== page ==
The right way to draw down your investments in a holding company

26 July 2021 by National Bank
Entrepreneur, at his desk, talking on the phone about drawing down his investments in a holding company for his retirement

Owners of holding companies and entrepreneurs know that there's no magic formula for managing your wealth or your business. The same applies to drawing down investments in a holding company so you can enjoy your retirement. The best strategy will depend on your situation. However, there are a few things you should know to help you reduce your taxes. Read on for a summary.

What investments should you cash out first?

In most cases, you should start by cashing out any amounts you have loaned to the holding company (advances) and the amounts in your Capital Dividend Account (CDA).

Why should you start by cashing out advances?

Have you put your own personal money into your company? It's as if you loaned money to a close friend: when they pay you back, you won't have to pay any income tax. That's why you should cash it out first.

Why should you withdraw from your Capital Dividend Account (CDA) first?

A CDA is a purely fiscal account; it doesn't really contain any money. It's like an agreement with tax authorities on what amounts can be withdrawn without paying taxes. The amount in the CDA is calculated based on:

  • The non-taxable portion of capital gains and losses
  • CDA dividends received from another company
  • The proceeds (or part of the proceeds, depending on age) received from a life insurance policy contracted by the business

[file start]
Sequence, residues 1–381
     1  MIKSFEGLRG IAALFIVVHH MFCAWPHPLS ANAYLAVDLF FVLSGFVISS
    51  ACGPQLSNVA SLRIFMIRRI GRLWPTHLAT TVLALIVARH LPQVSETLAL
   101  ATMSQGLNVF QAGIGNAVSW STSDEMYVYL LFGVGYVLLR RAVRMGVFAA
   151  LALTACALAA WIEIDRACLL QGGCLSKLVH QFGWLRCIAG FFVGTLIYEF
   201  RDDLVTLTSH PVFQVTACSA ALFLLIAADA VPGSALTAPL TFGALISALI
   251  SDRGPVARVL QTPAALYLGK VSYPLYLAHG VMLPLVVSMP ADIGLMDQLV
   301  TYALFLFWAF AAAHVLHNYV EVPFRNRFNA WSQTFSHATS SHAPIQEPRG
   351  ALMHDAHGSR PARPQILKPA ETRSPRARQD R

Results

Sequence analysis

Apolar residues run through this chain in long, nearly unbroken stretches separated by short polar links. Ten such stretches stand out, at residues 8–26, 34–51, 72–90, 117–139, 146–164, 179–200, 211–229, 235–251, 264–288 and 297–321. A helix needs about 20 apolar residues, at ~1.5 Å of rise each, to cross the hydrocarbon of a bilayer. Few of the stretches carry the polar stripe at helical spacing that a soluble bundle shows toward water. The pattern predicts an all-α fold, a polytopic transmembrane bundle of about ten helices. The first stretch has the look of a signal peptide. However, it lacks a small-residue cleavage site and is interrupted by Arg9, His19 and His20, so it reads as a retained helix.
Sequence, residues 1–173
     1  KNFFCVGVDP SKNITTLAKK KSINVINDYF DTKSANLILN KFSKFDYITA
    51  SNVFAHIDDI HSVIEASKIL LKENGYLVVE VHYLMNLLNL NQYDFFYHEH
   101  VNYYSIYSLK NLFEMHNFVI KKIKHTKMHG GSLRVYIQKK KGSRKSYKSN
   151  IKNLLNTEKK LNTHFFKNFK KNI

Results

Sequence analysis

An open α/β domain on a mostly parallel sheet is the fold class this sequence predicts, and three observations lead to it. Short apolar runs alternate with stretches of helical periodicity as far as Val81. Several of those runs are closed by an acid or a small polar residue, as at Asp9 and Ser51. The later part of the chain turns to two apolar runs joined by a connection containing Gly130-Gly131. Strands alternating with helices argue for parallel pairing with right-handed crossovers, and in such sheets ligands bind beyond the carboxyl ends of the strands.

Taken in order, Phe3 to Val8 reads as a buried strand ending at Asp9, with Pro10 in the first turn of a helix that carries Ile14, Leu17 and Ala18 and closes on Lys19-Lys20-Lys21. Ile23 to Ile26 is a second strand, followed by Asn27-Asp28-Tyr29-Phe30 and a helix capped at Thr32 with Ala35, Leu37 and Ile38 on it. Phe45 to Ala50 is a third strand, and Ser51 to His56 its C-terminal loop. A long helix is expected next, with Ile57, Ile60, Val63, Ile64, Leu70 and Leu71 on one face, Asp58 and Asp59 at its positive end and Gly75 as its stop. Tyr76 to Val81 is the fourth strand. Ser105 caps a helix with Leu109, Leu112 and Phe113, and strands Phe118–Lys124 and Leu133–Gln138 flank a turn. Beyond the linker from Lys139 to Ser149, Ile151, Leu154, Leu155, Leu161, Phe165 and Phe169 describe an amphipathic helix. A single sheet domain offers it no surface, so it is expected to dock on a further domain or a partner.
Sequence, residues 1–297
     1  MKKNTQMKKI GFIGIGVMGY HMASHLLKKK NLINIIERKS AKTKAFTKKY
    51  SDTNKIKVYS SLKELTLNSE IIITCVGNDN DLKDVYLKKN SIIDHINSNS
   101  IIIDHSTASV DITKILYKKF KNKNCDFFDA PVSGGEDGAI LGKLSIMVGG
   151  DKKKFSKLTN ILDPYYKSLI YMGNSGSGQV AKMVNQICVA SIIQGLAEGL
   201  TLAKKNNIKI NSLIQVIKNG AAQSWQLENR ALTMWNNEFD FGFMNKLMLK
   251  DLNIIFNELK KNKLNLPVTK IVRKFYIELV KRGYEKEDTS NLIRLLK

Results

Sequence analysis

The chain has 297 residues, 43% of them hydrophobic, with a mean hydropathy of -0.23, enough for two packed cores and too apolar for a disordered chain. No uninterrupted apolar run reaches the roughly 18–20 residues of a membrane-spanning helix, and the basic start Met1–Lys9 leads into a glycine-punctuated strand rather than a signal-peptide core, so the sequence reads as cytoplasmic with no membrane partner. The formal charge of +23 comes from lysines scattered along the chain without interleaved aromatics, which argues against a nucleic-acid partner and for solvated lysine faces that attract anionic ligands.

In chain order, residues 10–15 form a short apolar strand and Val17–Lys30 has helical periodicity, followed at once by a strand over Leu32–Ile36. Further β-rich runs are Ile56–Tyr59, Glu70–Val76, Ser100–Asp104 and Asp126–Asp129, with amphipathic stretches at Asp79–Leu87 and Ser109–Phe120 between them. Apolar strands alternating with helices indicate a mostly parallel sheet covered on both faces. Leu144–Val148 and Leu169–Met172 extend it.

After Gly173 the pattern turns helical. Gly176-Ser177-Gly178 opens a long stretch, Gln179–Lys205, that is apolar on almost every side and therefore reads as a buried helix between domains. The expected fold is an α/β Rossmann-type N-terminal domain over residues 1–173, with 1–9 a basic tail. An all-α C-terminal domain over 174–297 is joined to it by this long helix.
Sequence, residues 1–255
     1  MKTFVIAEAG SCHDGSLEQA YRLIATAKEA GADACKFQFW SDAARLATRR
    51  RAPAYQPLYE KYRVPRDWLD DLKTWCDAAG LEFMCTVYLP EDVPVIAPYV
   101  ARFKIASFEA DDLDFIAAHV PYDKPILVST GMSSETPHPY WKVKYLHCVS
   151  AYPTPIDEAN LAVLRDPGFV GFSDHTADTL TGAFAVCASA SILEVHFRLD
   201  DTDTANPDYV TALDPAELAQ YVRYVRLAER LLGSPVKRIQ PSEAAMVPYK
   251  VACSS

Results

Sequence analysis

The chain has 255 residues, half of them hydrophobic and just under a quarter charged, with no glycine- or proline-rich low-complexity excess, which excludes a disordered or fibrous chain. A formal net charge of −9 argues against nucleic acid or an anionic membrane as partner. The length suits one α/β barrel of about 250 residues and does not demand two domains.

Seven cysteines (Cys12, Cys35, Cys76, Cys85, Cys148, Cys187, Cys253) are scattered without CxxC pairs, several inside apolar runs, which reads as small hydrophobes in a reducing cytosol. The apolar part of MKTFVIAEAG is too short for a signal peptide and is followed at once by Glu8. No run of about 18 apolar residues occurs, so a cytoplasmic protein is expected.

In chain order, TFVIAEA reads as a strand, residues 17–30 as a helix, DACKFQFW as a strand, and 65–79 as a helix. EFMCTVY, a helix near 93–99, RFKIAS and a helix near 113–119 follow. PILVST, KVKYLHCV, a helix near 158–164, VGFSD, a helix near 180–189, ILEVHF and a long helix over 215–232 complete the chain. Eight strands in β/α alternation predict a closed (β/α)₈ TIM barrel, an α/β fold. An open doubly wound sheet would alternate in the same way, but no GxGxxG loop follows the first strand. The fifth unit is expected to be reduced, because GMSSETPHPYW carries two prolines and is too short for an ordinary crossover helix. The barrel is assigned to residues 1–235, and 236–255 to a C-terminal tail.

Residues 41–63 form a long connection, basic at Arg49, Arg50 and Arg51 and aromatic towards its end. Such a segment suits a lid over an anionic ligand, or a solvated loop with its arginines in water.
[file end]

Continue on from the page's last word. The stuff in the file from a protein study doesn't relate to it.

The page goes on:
• Gains and losses on the sale of certain fixed assets (such as real estate or equipment)

The main point to remember is that you won't pay taxes on CDA withdrawals, so it's a good idea to access this money first.

Next, should you pay yourself dividends or use your personal investments?

To reduce your income taxes, it's often more advantageous to withdraw your advances and CDA balance first, then your non-registered personal investments. Next, cash out other amounts held by your business (dividends), then finally your RRSP and TFSA. Read on to find out why.

Non-registered investments

In general, you should use these investments first (after your advances and CDA balance). Why? Because you won't pay any taxes except capital gains tax when you withdraw funds and there is no tax benefit to keeping them. However, in years where your revenue is much lower than usual, it may be worth it to take advantage of the low tax rates on the first few tax brackets. You may therefore consider withdrawing amounts from your company instead, then from your RRSP, for example.

RRSPs vs. dividends

Why should you draw down dividends before your RRSP and TFSA? Because you can get tax credits for dividends. This means that you'll get to keep more of your money if you withdraw dividends from your business than if you withdraw the same amount from your RRSP.

Another good reason to wait before you withdraw from an RRSP: income generated by investments in an RRSP is not taxable until withdrawal. Conversely, gains and income from a business are taxable. This means often you're better off not dipping into your RRSP right away.

TFSAs

Money earned in a Tax Free Savings Account (TFSA) is sheltered from taxes. Our recommendations are similar: don't start withdrawing from your TFSA right away and keep investing in as long as possible.  

Should you start by receiving eligible or non-eligible dividends?

The most beneficial scenario involves receiving eligible dividends, since they are less heavily taxed. But to pay eligible dividends, the business must have a GRIP balance (we'll talk about that later).